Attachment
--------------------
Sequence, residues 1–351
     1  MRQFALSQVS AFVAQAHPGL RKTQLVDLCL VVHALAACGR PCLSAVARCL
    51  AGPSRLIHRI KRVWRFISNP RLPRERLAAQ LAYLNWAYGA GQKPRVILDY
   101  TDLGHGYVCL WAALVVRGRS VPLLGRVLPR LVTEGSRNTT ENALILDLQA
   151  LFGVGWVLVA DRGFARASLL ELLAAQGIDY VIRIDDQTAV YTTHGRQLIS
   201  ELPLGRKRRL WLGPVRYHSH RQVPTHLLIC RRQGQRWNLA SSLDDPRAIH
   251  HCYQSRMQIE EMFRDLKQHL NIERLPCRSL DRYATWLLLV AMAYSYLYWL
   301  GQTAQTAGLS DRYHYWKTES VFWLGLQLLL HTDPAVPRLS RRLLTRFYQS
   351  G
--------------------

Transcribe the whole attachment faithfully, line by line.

Sequence, residues 1–351
     1  MRQFALSQVS AFVAQAHPGL RKTQLVDLCL VVHALAACGR PCLSAVARCL
    51  AGPSRLIHRI KRVWRFISNP RLPRERLAAQ LAYLNWAYGA GQKPRVILDY
   101  TDLGHGYVCL WAALVVRGRS VPLLGRVLPR LVTEGSRNTT ENALILDLQA
   151  LFGVGWVLVA DRGFARASLL ELLAAQGIDY VIRIDDQTAV YTTHGRQLIS
   201  ELPLGRKRRL WLGPVRYHSH RQVPTHLLIC RRQGQRWNLA SSLDDPRAIH
   251  HCYQSRMQIE EMFRDLKQHL NIERLPCRSL DRYATWLLLV AMAYSYLYWL
   301  GQTAQTAGLS DRYHYWKTES VFWLGLQLLL HTDPAVPRLS RRLLTRFYQS
   351  G